NASSAU, BAHAMAS — Philip Turner, the former parliamentary commissioner, has been transferred to the Ministry of Youth as its newly appointed undersecretary, Eyewitness News can confirm.
The transfer became effective December 23.
There has been no public announcement on the transfer, nor has a new parliamentary commissioner been named.
Turner, who was contacted for comment about the registration process, confirmed the transfer to the Ministry of Youth, but did not provide specifics on the reason.
When asked for the reason for the transfer, Turner suggested he is a career civil servant and will go where he is needed.
When contacted, Attorney General Carl Bethel deferred to Minister of National Security Marvin Dames.
Asked if a new parliamentary commissioner had been named, Bethel said: “No, I would not know about that. It certainly has not been determined by Cabinet.”
Four days before the 2017 general election, the government removed Sherlyn Hall as parliamentary commissioner and replaced him with Charles Albury, the former permanent secretary in the Ministry of Tourism.
Turner replaced Albury in October 2017.
He was in favor of the government introducing a permanent or continuous register as opposed to a new register amid the coronavirus pandemic, which delayed voter registration and Local Government elections on the Family Islands.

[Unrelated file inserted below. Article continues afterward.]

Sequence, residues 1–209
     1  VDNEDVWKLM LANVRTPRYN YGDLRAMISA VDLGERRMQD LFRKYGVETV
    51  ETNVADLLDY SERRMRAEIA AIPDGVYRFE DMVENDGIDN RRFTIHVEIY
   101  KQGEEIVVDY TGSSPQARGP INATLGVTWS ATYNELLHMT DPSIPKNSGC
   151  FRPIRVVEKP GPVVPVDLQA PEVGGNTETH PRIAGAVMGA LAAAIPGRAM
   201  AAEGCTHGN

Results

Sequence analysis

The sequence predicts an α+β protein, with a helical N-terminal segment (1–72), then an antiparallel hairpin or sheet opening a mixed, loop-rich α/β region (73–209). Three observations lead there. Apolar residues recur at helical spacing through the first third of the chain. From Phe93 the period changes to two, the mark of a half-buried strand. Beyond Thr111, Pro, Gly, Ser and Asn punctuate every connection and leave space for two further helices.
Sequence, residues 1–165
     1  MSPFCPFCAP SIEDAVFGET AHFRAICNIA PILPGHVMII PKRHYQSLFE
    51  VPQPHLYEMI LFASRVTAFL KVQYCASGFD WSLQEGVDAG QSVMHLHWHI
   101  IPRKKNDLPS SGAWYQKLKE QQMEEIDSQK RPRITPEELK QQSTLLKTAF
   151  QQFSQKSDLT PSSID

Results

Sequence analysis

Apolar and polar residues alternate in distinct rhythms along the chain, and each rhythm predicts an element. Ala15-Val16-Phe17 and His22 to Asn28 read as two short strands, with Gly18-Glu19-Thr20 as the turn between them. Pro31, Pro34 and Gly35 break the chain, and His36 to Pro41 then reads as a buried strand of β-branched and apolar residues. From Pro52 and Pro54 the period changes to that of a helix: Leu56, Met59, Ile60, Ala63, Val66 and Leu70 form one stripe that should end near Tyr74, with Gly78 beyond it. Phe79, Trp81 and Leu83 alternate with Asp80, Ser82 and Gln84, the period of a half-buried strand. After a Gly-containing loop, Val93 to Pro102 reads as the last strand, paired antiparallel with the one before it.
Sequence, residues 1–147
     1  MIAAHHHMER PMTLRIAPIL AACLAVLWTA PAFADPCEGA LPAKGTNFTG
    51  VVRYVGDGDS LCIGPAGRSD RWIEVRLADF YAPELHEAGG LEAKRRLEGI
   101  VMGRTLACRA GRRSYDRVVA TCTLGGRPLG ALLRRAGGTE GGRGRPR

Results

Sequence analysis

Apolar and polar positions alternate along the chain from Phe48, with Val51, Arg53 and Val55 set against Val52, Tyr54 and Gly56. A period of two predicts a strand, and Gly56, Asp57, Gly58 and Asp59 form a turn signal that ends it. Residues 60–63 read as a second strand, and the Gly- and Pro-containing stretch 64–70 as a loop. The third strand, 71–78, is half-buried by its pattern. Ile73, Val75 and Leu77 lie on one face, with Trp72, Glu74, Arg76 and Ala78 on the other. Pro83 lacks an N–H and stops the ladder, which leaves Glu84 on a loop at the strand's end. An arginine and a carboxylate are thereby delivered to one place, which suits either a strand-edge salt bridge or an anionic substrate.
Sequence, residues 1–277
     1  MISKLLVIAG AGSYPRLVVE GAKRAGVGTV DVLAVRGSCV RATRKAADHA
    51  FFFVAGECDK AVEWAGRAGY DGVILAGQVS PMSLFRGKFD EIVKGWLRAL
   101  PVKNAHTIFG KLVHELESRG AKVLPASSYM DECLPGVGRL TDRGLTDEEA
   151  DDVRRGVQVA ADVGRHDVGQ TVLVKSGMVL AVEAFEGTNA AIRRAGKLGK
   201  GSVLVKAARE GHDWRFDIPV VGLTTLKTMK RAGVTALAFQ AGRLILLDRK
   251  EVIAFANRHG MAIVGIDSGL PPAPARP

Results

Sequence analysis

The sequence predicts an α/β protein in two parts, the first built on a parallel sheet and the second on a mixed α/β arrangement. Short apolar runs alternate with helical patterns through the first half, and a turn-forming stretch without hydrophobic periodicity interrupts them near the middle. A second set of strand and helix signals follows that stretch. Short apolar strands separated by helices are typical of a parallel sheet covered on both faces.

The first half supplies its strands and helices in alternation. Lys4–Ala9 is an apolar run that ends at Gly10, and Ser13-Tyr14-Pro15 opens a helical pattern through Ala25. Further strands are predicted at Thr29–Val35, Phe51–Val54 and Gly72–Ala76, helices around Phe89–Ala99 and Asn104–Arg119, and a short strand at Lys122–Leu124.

In October 2020, Turner advised at a press conference that he had recommended the existing register be maintained, removing deceased and incarcerated individuals from it and transferring voters who changed their residences.
The move would only require new voters to register.
The register used in the last general election was set to expire in July 2021.
The government tabled the Parliamentary Election (Amendment) Bill, 2020, in early December.
The legislation effectively abolishes the quinquennial register and makes way for the continuous register of voters that would evolve each election cycle with the continuous addition of new voters, transfers and removal of those who have died.
According to the Parliamentary Election (Amendment) Bill, 2020, a registered voter would not be required to re-register by reconstitution of the boundaries, however, the commissioner may from time to time call upon registered voters to alter or correct their counterfoils of the voter’s cards.
A registered voter or person entitled to vote, aged 65 and older, would be considered a special voter and be allowed to vote in the advanced poll.
The bill authorizes the parliamentary commissioner to access all registers and other records of births and deaths that are required to be kept under the Births and Deaths Registration Act.
As part of the maintenance of the register, undertakers, morticians and directors of funeral homes, the director of national insurance and the commissioner of corrections would be required to provide relevant information on deaths at legislated periods.
The next general election in The Bahamas must be held no later than May 2022.